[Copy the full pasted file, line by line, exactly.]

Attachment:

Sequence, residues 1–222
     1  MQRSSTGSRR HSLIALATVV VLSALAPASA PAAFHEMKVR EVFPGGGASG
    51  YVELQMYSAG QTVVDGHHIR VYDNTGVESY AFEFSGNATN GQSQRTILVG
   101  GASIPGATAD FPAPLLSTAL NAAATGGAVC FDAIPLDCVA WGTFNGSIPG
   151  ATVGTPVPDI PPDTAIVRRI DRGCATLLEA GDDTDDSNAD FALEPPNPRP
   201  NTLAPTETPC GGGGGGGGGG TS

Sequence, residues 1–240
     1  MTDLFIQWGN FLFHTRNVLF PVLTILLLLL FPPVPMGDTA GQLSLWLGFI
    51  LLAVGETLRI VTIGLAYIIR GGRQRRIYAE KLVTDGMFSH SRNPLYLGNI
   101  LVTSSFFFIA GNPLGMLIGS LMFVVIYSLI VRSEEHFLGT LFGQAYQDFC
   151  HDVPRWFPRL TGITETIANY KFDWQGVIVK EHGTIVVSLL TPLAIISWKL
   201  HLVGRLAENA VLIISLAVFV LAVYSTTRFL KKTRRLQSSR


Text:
Sequence, residues 1–222
     1  MQRSSTGSRR HSLIALATVV VLSALAPASA PAAFHEMKVR EVFPGGGASG
    51  YVELQMYSAG QTVVDGHHIR VYDNTGVESY AFEFSGNATN GQSQRTILVG
   101  GASIPGATAD FPAPLLSTAL NAAATGGAVC FDAIPLDCVA WGTFNGSIPG
   151  ATVGTPVPDI PPDTAIVRRI DRGCATLLEA GDDTDDSNAD FALEPPNPRP
   201  NTLAPTETPC GGGGGGGGGG TS

Sequence, residues 1–240
     1  MTDLFIQWGN FLFHTRNVLF PVLTILLLLL FPPVPMGDTA GQLSLWLGFI
    51  LLAVGETLRI VTIGLAYIIR GGRQRRIYAE KLVTDGMFSH SRNPLYLGNI
   101  LVTSSFFFIA GNPLGMLIGS LMFVVIYSLI VRSEEHFLGT LFGQAYQDFC
   151  HDVPRWFPRL TGITETIANY KFDWQGVIVK EHGTIVVSLL TPLAIISWKL
   201  HLVGRLAENA VLIISLAVFV LAVYSTTRFL KKTRRLQSSR